Treatment with a “mini-dose” of ready-to-use, subcutaneous glucagon is an effective, alternative treatment for hypoglycemia in adults with type 1 diabetes, according to recent study findings.
“Mini-dose glucagon provides the opportunity to treat mild hypoglycemia without the consumption of additional calories, and may well avoid the problem of glycemic overshoot often observed with oral carbohydrate treatment of mild to moderate hypoglycemia, and without any nausea or other side effects associated with large doses of aqueous glucagon,” Morey W. Haymond, MD, professor of pediatrics and nutrition at Baylor College of Medicine in Houston, told Endocrine Today. “Having a liquid glucagon product that is stable at room temperatures over long periods of time, and in a ready-to-use device, will make this easy to use (not requiring reconstitution of lyophilized glucagon) and, hopefully, very patient acceptable.”
Morey W. Haymond
Haymond and colleagues analyzed data from 12 adults with type 1 diabetes who were using insulin pump therapy. They received mini-dose glucagon on three occasions separated by 2 to 21 days (eight women; mean age, 26 years; mean BMI, 25 kg/m²; mean diabetes duration, 12 years). On each study day, researchers assigned participants subcutaneous doses of 75 µg, 150 µg or 300 µg of nonaqueous liquid glucagon (G-Pen Mini, Xeris Pharmaceuticals). Doses were randomized across study days; plasma glucose, glucagon and insulin concentrations were measured. Participants received insulin 180 minutes later, followed by a second, identical dose of glucagon 60 minutes later.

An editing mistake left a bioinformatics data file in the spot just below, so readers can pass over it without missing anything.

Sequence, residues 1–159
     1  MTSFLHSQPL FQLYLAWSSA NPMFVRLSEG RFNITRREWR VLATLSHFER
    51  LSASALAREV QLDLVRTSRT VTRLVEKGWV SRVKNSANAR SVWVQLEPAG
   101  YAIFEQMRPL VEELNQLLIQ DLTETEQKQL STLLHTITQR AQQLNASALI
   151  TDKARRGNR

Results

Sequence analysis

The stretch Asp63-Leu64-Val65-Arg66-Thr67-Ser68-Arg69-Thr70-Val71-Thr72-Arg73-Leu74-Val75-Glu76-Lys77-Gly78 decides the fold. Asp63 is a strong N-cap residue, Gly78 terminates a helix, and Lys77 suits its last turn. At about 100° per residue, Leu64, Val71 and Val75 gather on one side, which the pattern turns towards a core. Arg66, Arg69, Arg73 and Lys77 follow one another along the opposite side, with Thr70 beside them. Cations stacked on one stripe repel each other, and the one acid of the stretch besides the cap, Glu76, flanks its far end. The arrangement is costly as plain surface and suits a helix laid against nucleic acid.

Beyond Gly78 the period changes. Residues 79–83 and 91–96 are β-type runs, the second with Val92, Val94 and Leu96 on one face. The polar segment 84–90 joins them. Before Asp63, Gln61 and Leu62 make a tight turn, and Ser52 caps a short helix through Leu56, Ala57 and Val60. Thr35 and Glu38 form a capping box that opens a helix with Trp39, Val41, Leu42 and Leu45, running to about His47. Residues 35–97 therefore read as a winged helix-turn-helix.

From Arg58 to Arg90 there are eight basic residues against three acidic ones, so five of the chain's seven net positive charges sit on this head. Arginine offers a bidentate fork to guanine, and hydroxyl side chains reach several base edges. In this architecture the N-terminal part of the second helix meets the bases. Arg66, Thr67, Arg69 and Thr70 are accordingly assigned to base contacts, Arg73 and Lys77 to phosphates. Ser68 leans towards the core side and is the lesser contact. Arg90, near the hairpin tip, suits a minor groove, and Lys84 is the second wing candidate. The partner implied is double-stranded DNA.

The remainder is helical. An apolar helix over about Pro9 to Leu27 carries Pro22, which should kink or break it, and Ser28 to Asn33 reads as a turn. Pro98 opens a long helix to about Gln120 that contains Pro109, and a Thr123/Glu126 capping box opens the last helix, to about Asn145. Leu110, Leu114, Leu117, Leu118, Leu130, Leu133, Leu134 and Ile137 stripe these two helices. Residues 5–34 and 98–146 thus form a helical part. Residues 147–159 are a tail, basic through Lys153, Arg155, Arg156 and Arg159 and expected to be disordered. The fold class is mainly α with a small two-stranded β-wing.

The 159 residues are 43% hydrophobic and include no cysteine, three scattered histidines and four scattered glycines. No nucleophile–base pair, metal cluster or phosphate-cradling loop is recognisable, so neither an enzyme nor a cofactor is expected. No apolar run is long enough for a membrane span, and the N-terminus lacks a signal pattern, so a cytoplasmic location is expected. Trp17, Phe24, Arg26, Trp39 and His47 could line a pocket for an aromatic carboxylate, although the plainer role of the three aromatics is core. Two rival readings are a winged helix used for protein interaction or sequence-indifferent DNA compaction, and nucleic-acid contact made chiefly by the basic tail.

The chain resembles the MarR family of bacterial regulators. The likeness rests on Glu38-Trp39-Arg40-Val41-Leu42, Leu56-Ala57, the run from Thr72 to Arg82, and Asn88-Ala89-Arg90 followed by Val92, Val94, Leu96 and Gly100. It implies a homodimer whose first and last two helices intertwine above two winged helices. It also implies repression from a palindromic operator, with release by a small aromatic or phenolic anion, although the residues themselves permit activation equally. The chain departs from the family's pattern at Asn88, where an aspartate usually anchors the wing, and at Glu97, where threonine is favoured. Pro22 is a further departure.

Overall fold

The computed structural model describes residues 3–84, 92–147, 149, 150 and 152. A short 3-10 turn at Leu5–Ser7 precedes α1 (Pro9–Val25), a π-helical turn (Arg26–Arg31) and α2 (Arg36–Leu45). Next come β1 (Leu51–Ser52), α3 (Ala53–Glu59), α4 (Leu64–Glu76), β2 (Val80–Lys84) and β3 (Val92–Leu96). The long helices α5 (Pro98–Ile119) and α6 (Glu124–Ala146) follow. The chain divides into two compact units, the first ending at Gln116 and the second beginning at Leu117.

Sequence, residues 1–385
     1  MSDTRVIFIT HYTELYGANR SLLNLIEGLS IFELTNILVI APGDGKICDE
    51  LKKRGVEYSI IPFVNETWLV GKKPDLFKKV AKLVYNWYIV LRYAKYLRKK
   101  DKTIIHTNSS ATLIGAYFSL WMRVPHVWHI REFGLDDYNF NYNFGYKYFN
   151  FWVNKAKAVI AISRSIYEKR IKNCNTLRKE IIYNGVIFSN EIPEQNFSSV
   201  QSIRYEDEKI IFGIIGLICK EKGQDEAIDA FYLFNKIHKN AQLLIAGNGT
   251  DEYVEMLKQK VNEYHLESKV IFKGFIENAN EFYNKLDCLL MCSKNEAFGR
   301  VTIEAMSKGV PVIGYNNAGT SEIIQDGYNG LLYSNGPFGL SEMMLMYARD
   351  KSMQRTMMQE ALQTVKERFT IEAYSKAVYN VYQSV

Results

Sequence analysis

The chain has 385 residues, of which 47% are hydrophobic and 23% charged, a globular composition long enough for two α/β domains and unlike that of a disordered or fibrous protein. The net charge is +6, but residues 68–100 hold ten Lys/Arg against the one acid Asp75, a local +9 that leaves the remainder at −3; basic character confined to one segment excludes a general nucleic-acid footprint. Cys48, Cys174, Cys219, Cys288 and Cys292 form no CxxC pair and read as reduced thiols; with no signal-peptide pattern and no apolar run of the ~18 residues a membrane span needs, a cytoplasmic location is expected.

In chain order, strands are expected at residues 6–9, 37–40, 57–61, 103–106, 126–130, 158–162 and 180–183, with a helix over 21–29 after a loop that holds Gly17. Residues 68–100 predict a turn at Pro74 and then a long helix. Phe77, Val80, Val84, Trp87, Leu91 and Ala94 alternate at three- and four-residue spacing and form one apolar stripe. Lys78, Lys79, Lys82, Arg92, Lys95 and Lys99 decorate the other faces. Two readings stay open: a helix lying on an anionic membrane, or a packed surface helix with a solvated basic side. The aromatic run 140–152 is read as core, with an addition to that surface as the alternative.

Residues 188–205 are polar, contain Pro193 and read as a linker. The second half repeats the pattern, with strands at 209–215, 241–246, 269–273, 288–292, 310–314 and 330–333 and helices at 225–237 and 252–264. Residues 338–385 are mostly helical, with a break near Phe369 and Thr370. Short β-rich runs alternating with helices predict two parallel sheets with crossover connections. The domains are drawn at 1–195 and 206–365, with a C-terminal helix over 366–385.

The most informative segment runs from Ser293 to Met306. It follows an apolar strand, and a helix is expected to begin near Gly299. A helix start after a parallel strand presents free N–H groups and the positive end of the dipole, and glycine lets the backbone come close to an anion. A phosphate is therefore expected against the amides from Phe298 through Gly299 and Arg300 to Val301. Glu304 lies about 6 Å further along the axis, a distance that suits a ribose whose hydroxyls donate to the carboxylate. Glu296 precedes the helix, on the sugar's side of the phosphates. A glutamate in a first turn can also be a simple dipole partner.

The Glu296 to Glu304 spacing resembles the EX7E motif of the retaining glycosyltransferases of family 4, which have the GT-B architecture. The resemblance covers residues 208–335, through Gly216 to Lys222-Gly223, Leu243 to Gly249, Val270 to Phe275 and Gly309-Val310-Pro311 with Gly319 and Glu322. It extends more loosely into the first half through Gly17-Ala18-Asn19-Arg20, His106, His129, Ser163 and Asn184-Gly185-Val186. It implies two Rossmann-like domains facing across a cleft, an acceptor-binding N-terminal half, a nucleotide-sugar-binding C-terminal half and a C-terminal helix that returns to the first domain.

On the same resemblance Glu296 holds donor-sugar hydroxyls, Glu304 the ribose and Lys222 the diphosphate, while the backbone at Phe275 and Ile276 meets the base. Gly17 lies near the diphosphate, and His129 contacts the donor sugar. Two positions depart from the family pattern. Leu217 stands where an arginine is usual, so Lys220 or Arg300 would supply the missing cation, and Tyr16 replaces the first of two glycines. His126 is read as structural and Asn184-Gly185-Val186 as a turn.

Mean fasting glucose concentrations were 110 mg/dL for the 75-µg and 150-µg doses, and 109 mg/dL for the 300-µg doses, increasing maximally at 60 minutes by 33 mg/dL for the 75-µg dose, 64 mg/dL for the 150-µg dose and 95 mg/dL for the 300-µg (P < .001 for all).
Post-insulin administration glucose concentrations were 70 mg/dL, 74 mg/dL and 70 mg/dL, respectively, with maximal increases of 19 mg/dL, 24 mg/dL and 43 mg/dL post-glucagon administration (P < .02 for all) at 45 to 60 minutes.
“The T1D Exchange at the Jaeb Center, in collaboration with the Helmsley Charitable Trust, are conducting an at-home clinical trial comparing mini-dose glucagon and oral glucose treatment of mild hypoglycemia to assess efficacy and patient acceptability,” Haymond said. “It will be exciting to anticipate these studies and to see this product come online and be available for our patients.” – by Regina Schaffer
For more information:
Morey W. Haymond, MD
, can be reached at 1 Baylor Plaza, Houston, TX 77030; email: email@example.com.
Disclosure: Four of the study authors are employees of Xeris Pharmaceuticals.